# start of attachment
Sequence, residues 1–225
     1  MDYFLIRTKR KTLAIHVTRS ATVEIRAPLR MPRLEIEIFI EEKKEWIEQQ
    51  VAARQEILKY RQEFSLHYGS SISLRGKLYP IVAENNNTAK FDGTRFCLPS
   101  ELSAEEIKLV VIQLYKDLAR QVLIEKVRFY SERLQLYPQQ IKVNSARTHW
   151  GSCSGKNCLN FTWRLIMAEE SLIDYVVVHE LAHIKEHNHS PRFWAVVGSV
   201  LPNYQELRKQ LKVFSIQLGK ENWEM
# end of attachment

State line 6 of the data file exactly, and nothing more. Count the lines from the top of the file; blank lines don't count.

   201  LPNYQELRKQ LKVFSIQLGK ENWEM